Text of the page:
“You should not have believed me, for virtue cannot so inoculate our old stock but we shall relish of it. I loved you not.” (3.1.118-120)
Hamlet is telling Ophelia that she should have never believed him; in reality he claims he never really loved her. When he asks where her father is she lies and says he is at home, when in fact he is hidden listening to the conversation. When Hamlet leaves the room, Ophelia is left heartbroken and confused. She is sure Hamlet has gone mad. Had she chosen Hamlet over Polonius her fate might have been better.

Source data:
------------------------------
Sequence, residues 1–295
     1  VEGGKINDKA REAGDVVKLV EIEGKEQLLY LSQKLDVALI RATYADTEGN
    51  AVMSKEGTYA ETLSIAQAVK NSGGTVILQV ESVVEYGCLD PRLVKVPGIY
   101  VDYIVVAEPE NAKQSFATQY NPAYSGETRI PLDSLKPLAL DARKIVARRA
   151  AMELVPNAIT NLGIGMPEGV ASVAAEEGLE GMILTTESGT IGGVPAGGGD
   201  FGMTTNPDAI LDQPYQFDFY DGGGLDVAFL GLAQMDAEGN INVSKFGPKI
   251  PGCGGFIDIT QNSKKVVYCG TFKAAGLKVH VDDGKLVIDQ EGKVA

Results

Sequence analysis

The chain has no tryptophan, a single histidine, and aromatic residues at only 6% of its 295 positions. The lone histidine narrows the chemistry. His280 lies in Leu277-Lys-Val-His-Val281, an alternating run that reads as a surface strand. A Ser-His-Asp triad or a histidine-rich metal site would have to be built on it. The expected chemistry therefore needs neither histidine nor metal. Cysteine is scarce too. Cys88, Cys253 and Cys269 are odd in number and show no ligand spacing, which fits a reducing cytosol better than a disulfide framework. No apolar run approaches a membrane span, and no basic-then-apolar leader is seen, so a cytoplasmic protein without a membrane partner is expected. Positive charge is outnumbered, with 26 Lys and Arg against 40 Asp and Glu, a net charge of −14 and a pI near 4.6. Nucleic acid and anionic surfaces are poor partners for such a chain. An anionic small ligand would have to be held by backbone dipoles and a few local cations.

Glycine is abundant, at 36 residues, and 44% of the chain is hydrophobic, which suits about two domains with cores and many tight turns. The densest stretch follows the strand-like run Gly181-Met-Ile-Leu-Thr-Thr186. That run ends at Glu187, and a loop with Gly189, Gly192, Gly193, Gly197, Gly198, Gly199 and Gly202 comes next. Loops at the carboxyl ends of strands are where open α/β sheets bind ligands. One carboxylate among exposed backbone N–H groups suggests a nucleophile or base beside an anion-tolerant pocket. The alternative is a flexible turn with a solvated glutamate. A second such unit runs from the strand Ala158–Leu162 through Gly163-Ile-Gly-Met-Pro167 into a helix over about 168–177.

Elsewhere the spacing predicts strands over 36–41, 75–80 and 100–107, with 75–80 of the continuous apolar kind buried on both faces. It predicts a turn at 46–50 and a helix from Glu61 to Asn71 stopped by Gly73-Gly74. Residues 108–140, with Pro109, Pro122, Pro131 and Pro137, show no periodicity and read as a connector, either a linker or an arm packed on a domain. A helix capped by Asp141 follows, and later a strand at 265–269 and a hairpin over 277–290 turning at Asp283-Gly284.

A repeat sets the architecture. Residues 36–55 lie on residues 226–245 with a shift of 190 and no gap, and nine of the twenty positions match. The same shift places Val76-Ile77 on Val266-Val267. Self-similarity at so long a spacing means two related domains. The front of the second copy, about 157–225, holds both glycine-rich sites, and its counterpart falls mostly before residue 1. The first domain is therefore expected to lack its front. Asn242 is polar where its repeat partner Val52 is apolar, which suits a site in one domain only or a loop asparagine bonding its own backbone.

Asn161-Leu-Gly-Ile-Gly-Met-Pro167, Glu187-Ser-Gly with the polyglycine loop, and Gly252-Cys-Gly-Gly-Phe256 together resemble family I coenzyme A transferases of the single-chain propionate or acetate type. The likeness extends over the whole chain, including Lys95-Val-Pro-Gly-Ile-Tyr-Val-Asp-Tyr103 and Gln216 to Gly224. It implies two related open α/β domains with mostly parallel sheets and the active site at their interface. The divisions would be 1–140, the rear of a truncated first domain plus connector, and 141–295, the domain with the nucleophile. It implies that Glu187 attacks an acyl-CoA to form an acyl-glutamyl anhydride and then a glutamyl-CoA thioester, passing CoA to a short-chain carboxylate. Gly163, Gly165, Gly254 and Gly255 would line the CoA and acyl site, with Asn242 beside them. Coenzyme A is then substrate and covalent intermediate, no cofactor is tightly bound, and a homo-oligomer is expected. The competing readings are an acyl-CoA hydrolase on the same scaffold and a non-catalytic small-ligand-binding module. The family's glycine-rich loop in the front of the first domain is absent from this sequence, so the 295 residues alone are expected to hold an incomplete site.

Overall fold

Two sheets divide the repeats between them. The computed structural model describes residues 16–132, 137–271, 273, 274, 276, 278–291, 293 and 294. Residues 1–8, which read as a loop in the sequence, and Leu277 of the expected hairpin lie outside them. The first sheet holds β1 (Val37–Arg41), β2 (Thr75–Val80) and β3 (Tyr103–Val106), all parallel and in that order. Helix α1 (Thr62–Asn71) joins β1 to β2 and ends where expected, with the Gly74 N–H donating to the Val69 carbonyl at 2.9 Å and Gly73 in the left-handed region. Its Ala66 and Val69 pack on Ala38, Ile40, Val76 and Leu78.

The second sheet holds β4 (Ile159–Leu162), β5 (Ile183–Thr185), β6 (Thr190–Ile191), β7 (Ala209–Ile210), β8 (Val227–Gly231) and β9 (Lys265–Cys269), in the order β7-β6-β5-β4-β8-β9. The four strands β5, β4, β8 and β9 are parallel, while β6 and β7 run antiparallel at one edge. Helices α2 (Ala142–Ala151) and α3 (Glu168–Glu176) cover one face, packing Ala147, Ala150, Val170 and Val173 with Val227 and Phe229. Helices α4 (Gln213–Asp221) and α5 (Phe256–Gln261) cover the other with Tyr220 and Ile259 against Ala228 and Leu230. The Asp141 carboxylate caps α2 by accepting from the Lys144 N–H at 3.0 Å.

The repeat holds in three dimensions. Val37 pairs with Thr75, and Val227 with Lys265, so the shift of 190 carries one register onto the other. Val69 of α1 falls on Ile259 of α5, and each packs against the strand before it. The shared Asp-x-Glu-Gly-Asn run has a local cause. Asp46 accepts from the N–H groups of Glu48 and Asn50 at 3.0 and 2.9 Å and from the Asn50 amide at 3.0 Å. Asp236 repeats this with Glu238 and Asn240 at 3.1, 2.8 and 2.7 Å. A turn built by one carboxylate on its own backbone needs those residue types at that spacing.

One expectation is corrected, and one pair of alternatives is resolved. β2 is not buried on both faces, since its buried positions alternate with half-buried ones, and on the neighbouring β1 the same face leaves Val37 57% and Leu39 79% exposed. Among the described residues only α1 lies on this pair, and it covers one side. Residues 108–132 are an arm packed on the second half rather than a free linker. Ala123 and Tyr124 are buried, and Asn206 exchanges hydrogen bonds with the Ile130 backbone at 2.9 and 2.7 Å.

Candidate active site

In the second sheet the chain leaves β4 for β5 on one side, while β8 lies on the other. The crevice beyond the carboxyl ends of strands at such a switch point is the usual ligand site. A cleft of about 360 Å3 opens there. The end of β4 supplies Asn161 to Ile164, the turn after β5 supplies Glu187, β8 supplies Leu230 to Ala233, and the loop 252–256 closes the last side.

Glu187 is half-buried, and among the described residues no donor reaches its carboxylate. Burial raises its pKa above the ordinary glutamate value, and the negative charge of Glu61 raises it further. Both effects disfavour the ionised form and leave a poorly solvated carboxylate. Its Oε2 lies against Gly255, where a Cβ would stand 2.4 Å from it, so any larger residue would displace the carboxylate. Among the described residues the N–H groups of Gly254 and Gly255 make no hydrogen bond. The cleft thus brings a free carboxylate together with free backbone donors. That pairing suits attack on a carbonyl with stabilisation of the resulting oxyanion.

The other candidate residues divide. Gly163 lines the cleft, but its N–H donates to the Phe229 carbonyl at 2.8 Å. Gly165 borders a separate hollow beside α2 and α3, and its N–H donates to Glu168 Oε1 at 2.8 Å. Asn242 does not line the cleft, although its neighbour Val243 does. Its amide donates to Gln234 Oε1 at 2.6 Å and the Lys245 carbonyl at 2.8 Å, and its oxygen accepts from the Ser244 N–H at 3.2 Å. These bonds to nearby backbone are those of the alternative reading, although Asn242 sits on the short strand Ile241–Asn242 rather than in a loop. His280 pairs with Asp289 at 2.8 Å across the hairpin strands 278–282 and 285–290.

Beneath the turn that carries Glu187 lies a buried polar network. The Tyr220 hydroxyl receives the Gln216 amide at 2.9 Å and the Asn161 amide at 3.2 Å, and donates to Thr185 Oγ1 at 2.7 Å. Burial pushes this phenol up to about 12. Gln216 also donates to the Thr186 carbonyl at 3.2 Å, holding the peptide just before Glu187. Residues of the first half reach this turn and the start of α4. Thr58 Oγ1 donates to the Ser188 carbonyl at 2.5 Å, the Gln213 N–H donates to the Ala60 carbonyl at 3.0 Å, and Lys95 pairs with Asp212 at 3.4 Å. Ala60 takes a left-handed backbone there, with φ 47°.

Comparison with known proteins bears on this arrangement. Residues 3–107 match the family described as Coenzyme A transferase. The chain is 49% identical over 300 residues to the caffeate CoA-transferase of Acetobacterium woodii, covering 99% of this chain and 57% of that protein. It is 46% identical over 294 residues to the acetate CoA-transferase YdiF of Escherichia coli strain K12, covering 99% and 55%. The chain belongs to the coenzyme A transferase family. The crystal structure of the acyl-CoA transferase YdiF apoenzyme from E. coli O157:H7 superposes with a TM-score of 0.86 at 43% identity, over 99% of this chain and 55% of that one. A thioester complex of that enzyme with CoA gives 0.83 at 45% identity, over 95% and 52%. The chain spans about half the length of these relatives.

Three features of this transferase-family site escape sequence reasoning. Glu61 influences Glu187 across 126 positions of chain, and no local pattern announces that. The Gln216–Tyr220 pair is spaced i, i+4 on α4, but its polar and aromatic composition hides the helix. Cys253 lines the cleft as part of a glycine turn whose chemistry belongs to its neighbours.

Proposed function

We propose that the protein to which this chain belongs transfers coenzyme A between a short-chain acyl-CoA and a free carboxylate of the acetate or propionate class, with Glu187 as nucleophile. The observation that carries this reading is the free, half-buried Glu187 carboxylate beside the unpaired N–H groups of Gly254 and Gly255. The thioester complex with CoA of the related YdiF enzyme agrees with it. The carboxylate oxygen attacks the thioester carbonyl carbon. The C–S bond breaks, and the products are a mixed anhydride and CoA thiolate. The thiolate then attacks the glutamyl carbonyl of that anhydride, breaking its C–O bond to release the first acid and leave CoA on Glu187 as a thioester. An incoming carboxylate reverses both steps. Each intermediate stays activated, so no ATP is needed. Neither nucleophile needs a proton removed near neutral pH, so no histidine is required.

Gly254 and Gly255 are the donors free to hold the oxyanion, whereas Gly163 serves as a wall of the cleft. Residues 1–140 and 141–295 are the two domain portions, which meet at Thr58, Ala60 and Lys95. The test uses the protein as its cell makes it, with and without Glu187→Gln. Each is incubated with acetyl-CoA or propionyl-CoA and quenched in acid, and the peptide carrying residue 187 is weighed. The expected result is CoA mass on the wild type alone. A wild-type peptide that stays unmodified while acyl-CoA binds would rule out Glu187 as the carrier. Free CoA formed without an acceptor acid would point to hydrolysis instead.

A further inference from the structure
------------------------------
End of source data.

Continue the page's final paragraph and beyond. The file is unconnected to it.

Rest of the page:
Soon after Ophelia’s father is killed by Hamlet, her madness becomes very apparent at this point. She begins to sing in a very crazed way to many people, including a song to Queen Gertrude. “He is dead and gone, lady, he is dead and gone, At his head a grassy-green turf, at his heel a stone. Oh, ho!” (4.5.37-45) She is in obvious mourning of her father. The death of Polonius is so soon after the betrayal of Hamlet. Her mind is overcome with grief and emotion and she cracks. Two very important people of her life are gone, in different senses. Her father is dead and Hamlet has turned his back on her, claiming she never meant anything to him. Not only are both absent from her life now but Hamlet was the reason for the death of Polonius. Sadly Ophelia never regains her sanity. Her death is announced in a beautiful poetic way by Queen Gertrude. “Fell in the weeping brook. Her clothes spread wide, and mermaid-like awhile they bore her up, which time she chanted snatches of old tune, as one incapable of her own distress, or like a creature native and indued unto that element.” (4.7.190-195) This first scene, involving the death of Ophelia, shows the first clues of a death at her own hand. The queen stated that after falling into the river, Ophelia’s dress ballooned up and created a flotation of sorts. Instead of